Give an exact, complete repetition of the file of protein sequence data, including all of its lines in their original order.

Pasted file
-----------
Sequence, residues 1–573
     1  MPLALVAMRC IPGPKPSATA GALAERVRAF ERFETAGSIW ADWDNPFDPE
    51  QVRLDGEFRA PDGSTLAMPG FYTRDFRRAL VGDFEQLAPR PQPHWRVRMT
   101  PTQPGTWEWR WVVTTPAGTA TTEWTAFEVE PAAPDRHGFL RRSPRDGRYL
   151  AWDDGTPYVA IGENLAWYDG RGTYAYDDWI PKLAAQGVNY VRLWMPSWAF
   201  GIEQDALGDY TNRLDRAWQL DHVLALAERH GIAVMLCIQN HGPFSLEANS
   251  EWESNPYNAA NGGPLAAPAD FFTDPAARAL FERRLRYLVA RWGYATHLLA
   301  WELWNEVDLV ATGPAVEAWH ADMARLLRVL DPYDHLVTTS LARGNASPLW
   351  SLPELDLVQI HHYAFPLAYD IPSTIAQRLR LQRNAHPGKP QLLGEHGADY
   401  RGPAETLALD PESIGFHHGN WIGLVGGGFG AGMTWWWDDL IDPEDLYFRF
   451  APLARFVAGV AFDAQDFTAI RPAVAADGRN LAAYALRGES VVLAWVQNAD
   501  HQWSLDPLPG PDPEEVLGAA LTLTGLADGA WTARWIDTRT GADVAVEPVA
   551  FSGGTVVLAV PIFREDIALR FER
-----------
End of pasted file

Sequence, residues 1–573
     1  MPLALVAMRC IPGPKPSATA GALAERVRAF ERFETAGSIW ADWDNPFDPE
    51  QVRLDGEFRA PDGSTLAMPG FYTRDFRRAL VGDFEQLAPR PQPHWRVRMT
   101  PTQPGTWEWR WVVTTPAGTA TTEWTAFEVE PAAPDRHGFL RRSPRDGRYL
   151  AWDDGTPYVA IGENLAWYDG RGTYAYDDWI PKLAAQGVNY VRLWMPSWAF
   201  GIEQDALGDY TNRLDRAWQL DHVLALAERH GIAVMLCIQN HGPFSLEANS
   251  EWESNPYNAA NGGPLAAPAD FFTDPAARAL FERRLRYLVA RWGYATHLLA
   301  WELWNEVDLV ATGPAVEAWH ADMARLLRVL DPYDHLVTTS LARGNASPLW
   351  SLPELDLVQI HHYAFPLAYD IPSTIAQRLR LQRNAHPGKP QLLGEHGADY
   401  RGPAETLALD PESIGFHHGN WIGLVGGGFG AGMTWWWDDL IDPEDLYFRF
   451  APLARFVAGV AFDAQDFTAI RPAVAADGRN LAAYALRGES VVLAWVQNAD
   501  HQWSLDPLPG PDPEEVLGAA LTLTGLADGA WTARWIDTRT GADVAVEPVA
   551  FSGGTVVLAV PIFREDIALR FER